Information for Patients
Assisted Reproductive Technology
Also called: ART, IVF, In Vitro Fertilization
Assisted reproductive technology (ART) is used to treat infertility. It includes fertility treatments that handle both a woman's egg and a man's sperm. It works by removing eggs from a woman's body. The eggs are then mixed with sperm to make embryos. The embryos are then put back in the woman's body. In vitro fertilization (IVF) is the most common and effective type of ART.
ART procedures sometimes use donor eggs, donor sperm, or previously frozen embryos. It may also involve a surrogate or gestational carrier. A surrogate is a woman who becomes pregnant with sperm from the male partner of the couple. A gestational carrier becomes pregnant with an egg from the female partner and the sperm from the male partner.
The most common complication of ART is a multiple pregnancy. It can be prevented or minimized by limiting the number of embryos that are put into the woman's body.
Also called: Sterility
Infertility means not being able to become pregnant after a year of trying. If a woman can get pregnant but keeps having miscarriages or stillbirths, that's also called infertility.
Infertility is fairly common. After one year of having unprotected sex, about 15 percent of couples are unable to get pregnant. About a third of the time, infertility can be traced to the woman. In another third of cases, it is because of the man. The rest of the time, it is because of both partners or no cause can be found.
There are treatments that are specifically for men or for women. Some involve both partners. Drugs, assisted reproductive technology, and surgery are common treatments. Happily, many couples treated for infertility go on to have babies.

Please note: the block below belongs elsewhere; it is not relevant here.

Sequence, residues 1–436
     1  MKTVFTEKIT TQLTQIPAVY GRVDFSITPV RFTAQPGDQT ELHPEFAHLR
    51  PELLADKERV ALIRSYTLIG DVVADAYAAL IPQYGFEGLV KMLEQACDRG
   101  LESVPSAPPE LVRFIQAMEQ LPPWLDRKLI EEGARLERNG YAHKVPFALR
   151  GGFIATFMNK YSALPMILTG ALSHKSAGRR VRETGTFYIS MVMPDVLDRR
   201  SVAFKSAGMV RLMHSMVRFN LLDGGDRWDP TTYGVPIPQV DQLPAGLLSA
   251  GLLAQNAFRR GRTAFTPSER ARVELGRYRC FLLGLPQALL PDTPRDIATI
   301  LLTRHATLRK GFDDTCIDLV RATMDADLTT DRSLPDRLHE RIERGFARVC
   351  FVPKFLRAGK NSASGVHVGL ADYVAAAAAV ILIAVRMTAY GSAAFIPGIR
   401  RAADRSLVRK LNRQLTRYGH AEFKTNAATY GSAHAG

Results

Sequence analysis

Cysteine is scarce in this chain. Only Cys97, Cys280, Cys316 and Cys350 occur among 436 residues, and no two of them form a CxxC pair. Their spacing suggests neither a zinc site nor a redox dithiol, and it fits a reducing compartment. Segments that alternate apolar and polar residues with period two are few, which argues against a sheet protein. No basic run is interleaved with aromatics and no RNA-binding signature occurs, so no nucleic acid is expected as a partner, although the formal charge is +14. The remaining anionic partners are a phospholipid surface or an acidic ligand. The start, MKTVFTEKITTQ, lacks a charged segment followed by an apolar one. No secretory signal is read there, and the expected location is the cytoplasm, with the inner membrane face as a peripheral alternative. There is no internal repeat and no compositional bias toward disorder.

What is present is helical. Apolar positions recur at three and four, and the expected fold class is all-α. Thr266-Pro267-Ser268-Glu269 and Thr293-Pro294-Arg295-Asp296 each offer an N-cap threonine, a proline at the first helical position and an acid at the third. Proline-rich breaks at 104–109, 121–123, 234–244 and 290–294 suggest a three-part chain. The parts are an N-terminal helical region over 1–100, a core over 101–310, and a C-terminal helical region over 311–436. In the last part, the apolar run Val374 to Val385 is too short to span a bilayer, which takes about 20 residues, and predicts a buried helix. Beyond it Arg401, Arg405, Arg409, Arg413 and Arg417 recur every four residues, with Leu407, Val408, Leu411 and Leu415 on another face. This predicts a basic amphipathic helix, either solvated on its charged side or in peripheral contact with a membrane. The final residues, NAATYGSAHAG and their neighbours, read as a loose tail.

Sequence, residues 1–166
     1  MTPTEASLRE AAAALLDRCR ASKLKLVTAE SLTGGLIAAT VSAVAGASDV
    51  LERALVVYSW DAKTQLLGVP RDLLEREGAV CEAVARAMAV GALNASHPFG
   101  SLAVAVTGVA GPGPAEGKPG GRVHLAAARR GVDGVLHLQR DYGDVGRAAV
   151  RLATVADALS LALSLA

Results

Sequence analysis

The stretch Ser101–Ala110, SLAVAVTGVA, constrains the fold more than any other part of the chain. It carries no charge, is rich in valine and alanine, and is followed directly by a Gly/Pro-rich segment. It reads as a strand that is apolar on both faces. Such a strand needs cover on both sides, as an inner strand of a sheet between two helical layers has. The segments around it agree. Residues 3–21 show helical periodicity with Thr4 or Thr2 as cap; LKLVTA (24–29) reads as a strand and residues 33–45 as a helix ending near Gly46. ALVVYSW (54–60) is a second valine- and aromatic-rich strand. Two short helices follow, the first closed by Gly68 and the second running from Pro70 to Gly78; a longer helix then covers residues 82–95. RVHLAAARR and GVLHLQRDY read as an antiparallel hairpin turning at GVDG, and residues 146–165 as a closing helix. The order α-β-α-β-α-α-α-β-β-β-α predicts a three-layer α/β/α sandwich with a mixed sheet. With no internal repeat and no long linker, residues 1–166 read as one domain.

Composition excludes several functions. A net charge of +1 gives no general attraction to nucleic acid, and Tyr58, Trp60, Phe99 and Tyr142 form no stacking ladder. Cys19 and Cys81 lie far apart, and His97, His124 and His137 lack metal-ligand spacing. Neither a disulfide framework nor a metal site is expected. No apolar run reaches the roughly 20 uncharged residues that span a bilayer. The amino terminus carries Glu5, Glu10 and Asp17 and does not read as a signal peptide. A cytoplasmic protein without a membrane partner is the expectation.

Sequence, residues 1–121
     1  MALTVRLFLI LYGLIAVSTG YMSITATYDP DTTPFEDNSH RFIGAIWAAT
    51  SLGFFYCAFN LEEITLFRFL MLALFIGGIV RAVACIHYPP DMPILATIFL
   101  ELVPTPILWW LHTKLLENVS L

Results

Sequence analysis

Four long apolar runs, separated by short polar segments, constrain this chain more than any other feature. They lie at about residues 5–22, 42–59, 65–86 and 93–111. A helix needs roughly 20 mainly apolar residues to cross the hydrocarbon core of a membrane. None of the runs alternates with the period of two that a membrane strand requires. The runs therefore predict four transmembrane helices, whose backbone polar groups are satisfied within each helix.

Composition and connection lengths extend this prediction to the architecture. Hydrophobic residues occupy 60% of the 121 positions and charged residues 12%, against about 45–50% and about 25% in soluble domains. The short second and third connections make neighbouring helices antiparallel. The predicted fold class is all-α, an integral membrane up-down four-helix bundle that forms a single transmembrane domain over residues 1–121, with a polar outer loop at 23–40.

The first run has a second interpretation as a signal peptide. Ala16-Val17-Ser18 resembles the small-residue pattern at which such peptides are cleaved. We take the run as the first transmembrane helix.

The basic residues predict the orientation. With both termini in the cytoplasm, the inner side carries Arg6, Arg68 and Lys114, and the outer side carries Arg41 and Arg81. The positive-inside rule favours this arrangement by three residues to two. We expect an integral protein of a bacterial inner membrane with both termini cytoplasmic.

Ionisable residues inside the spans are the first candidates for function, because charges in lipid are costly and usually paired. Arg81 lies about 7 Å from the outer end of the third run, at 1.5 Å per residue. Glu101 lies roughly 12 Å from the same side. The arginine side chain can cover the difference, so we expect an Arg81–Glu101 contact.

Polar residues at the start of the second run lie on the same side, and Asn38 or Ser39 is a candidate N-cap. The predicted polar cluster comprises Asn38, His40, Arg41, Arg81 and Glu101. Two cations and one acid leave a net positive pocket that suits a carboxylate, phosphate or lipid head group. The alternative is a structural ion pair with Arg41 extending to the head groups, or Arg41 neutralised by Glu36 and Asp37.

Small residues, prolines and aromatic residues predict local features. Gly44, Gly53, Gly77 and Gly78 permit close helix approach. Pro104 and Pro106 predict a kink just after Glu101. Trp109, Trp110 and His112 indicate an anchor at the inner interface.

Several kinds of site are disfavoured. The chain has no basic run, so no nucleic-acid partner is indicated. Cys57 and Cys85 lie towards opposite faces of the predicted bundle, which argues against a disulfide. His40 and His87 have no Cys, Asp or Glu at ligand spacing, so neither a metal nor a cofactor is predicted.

NIH: National Institute of Child Health and Human Development
- Androgen insensitivity syndrome (Medical Encyclopedia)
- Infertility (Medical Encyclopedia)
General Equivalence Map Definitions
The ICD-10 and ICD-9 GEMs are used to facilitate linking between the diagnosis codes in ICD-9-CM and the new ICD-10-CM code set. The GEMs are the raw material from which providers, health information vendors and payers can derive specific applied mappings to meet their needs.
- Approximate Flag - The approximate flag is on, indicating that the relationship between the code in the source system and the code in the target system is an approximate equivalent.
- No Map Flag - The no map flag indicates that a code in the source system is not linked to any code in the target system.
- Combination Flag - The combination flag indicates that more than one code in the target system is required to satisfy the full equivalent meaning of a code in the source system.